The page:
By Katie Garwood | email@example.com
Less than a mile from downtown St. Augustine, where thousands of visitors stroll around daily, snapping photos, and riding in horse-drawn carriages is a neighborhood that’s seemingly worlds away.
In West Augustine, a predominantly African American neighborhood, a Family Dollar is one of few signs of commercial economic development, more than 90 percent of residents use septic tanks and abandoned shops dot King Street, separating the remaining storefronts in business.
Small, one-story homes are the norm in the neighborhood – some taken better care of than others. Some homes have miscellaneous items covering the front lawns – items that look like they’ve been there for years, indicative of the longtime residents in the neighborhood. Renovated homes are an exception, and new construction is practically non-existent.
Boarded up windows are a common sight, often adjacent to empty lots with overgrown vegetation. Some buildings are crumbling, peeling and clearly abandoned.
Churches – of all denominations – are scattered throughout residential areas and are seemingly more plentiful than commercial development in the neighborhood. Many offer free food or events for parishioners, advertised on the marquees out front.
In the mornings, roosters roam residential streets, crowing back and forth. There’s never a shortage of people outside, either. Locals walk and bike along the sidewalks and gather outside the Corner Store. No matter the time, there’s people conversing in the store’s parking lot.
Just an intersection separates West Augustine from downtown St. Augustine – take a left turn instead of a right on U.S. 1 south, and you’ll find yourself in a place that doesn’t closely resemble the city’s tourist base. If not for the towers of the Ponce de Leon hotel and the Casa Monica sticking out of the skyline in the distance, it would be tough to tell that such a wealthy area existed nearby.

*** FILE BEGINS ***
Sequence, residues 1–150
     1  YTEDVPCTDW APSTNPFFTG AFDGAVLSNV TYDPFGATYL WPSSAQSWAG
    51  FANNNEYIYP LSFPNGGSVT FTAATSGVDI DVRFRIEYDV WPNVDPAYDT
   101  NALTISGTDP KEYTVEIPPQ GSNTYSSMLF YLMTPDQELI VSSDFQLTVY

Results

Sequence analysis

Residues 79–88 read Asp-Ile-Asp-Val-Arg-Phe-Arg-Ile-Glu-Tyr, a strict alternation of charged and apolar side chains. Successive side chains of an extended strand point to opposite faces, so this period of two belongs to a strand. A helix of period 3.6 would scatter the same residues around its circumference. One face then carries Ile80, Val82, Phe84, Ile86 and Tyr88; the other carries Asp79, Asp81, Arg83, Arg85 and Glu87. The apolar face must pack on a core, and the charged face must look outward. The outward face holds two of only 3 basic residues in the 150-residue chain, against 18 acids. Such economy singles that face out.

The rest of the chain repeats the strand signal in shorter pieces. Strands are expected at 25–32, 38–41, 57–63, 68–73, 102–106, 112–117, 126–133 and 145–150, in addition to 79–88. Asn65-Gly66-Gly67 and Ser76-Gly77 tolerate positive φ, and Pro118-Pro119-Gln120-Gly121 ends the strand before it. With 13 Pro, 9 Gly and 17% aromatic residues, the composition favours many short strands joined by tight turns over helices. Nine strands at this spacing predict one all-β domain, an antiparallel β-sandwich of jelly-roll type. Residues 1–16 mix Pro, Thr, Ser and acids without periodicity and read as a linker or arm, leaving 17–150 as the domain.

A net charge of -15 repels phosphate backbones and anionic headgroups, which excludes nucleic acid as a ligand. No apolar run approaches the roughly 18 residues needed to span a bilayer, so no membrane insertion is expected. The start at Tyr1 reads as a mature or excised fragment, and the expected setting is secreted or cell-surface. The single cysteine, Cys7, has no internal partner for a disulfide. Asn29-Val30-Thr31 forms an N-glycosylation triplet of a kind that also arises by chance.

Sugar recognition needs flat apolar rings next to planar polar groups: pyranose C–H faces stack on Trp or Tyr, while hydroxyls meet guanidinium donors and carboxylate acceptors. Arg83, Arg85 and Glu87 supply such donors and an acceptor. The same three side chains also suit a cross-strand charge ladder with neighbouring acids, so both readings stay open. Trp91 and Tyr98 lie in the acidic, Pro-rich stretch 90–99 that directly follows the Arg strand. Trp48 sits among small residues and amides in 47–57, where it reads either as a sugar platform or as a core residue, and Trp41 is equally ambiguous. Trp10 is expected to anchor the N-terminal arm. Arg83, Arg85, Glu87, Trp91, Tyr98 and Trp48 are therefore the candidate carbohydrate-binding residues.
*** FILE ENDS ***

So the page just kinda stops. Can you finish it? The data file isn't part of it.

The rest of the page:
“The polarization of wealth, opulence and disposable income in downtown versus despair and neglect and decay in West Augustine – it’s so stark,” said Michael Butler, a history professor at Flagler College who specializes in civil rights. “How can you have these two extremes coexisting in less than five miles from each other? It kind of boggles the mind. It makes you ask questions about what do we value as a community, and why do we value it?”
In the 1960s, lawmakers decided against an interstate exit onto King Street, which runs straight through West Augustine into the city’s tourism base. Instead, S.R. 207 and S.R. 16 run off I-95 and around West Augustine, funneling traffic around the neighborhood.
“We have direct access to downtown, why don’t we have a 95 exit there? There should be an exit for people to get off the interstate there and come through King Street,” said Jaime Perkins, a lifelong West Augustine resident. “We should be able to have commercial development in that area. I mean literally, tourists can get off the highway and come straight into downtown St. Augustine and yet we put them on 16 and 207 and they have to drive into the city. And it’s like why? What would be the reason for that?”